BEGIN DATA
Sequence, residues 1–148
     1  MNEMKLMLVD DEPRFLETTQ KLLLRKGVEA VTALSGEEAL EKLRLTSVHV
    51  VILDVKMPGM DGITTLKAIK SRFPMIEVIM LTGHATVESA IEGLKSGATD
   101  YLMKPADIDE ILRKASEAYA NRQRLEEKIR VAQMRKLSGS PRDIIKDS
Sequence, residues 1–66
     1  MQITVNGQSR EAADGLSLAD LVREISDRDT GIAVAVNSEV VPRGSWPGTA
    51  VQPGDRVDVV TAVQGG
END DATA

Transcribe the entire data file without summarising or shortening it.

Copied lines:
Sequence, residues 1–148
     1  MNEMKLMLVD DEPRFLETTQ KLLLRKGVEA VTALSGEEAL EKLRLTSVHV
    51  VILDVKMPGM DGITTLKAIK SRFPMIEVIM LTGHATVESA IEGLKSGATD
   101  YLMKPADIDE ILRKASEAYA NRQRLEEKIR VAQMRKLSGS PRDIIKDS
Sequence, residues 1–66
     1  MQITVNGQSR EAADGLSLAD LVREISDRDT GIAVAVNSEV VPRGSWPGTA
    51  VQPGDRVDVV TAVQGG